FBI Monitors Fighters Trained in Syria, Now Back in U.S.

Opposition fighters load AK-47 magazines on the front line in the Saif Al-Dawla neighbourhood of Syria's northern city of Aleppo last September. Federal counterterrorism officials in Washington are monitoring a handful of rebels trained in Syria who have returned to the United States.
Opposition fighters load AK-47 magazines on the front line in the Saif Al-Dawla neighbourhood of Syria's northern city of Aleppo last September. Federal counterterrorism officials in Washington are monitoring a handful of rebels trained in Syria who have returned to the United States. (J.M. Lopez/AFP/Getty Images)

U.S. federal counterterrorism authorities are tracking as potential threats a dozen or so ex-rebels trained in Syria who have returned to the United States.

"It's probably one of the most significant threats we're dealing with," a high-ranking U.S. intelligence official told the Los Angeles Times.

In excess of 50 Americans have traveled to Syria to join the effort to topple President Bashar Assad's regime, according to officials. Some of these U.S. fighters may be part of al-Qaida-affiliated groups. Washington officials are concerned that the training they are receiving in Syria could be used to carry out attacks on the United  States.

"We are concerned about the use of Syrian territory by the al-Qaida organization to recruit individuals ... to use Syria as a launching pad" for strikes on Western countries, CIA Director John Brennan told a House Intelligence Committee hearing on Tuesday.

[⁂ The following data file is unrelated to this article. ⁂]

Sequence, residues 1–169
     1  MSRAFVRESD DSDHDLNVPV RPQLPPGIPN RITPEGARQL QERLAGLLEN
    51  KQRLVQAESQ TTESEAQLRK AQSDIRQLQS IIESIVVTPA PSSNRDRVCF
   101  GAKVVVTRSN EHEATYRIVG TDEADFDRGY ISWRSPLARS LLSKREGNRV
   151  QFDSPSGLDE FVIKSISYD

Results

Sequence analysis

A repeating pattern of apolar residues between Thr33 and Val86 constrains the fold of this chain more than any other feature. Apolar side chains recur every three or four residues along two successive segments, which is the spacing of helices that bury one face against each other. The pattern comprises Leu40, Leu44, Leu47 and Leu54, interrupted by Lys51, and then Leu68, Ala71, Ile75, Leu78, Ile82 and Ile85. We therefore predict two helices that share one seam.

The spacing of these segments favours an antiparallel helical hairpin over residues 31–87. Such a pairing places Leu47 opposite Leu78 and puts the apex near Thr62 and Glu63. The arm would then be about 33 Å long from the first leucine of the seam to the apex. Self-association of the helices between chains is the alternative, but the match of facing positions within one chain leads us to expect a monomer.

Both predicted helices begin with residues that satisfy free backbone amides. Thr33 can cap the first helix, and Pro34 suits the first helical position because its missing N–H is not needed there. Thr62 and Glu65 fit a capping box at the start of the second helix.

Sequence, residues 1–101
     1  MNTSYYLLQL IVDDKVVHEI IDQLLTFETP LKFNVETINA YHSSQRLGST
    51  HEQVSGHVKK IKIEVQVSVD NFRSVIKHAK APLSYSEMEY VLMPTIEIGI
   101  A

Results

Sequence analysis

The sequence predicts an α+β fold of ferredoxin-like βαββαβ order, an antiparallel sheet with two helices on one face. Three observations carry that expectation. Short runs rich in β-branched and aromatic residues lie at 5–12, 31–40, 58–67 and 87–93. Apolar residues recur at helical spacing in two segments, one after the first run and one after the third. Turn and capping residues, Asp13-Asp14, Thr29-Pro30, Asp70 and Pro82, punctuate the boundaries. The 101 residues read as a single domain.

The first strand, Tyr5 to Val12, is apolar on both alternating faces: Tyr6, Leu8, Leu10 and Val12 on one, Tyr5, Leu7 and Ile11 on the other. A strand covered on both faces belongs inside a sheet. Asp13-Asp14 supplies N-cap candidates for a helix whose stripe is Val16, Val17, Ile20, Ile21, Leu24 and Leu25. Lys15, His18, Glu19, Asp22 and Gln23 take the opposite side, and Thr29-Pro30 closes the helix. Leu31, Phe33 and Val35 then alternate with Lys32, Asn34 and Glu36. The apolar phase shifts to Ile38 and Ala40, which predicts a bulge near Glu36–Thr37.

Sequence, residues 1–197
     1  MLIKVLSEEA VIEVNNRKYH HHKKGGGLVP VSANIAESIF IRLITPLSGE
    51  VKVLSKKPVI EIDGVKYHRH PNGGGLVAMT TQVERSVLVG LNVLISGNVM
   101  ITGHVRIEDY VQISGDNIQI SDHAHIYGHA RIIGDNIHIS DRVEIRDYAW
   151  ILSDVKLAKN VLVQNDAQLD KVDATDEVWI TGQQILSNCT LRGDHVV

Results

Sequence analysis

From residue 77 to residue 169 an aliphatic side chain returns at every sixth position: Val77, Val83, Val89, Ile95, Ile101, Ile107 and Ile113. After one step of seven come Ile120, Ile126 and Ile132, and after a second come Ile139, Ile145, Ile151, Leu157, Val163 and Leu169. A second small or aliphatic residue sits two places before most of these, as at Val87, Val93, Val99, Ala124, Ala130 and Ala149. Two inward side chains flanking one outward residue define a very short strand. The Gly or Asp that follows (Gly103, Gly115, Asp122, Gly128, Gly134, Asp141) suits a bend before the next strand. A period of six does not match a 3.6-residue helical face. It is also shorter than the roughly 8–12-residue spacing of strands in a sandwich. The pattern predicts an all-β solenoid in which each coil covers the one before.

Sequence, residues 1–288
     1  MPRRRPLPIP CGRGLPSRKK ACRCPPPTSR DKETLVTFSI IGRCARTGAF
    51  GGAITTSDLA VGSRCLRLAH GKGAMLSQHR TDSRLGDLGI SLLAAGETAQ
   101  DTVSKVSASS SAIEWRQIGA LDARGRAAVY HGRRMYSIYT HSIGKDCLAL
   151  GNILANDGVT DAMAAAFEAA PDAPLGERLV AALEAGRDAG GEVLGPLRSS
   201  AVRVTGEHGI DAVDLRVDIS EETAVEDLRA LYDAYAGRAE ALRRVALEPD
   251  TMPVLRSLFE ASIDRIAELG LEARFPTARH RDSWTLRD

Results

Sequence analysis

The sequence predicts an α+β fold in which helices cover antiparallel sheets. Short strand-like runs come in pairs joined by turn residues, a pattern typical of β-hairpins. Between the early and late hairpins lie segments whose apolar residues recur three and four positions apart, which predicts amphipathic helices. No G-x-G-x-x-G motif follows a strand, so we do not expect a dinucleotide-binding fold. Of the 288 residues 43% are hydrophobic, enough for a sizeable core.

Not all U.S. citizens fighting in Syria are Muslim or Syrian-American, the unidentified official sad.

"There is no single profile," the official said. "Some are going for humanitarian reasons and they get sucked into extremism."

The FBI has examined in excess of 12 individuals who traveled back to the United States, two anonymous U.S. officials said. Some in that group still are being monitored.

Testifying alongside Brennan, U.S. National Intelligence Director James Clapper said, "Not only are fighters being drawn to Syria, but so are technologies and techniques that pose particular problems to our defenses."

Clapper said he was especially concerned about a small number of al-Qaida fighters with experience fighting in Pakistan and Afghanistan, and who may be motivated to carry out strikes in the United States.

Feb. 5, 2014
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U.S. federal counterterrorism authorities are tracking as potential threats a dozen or so ex-rebels trained in Syria who have returned to the United States.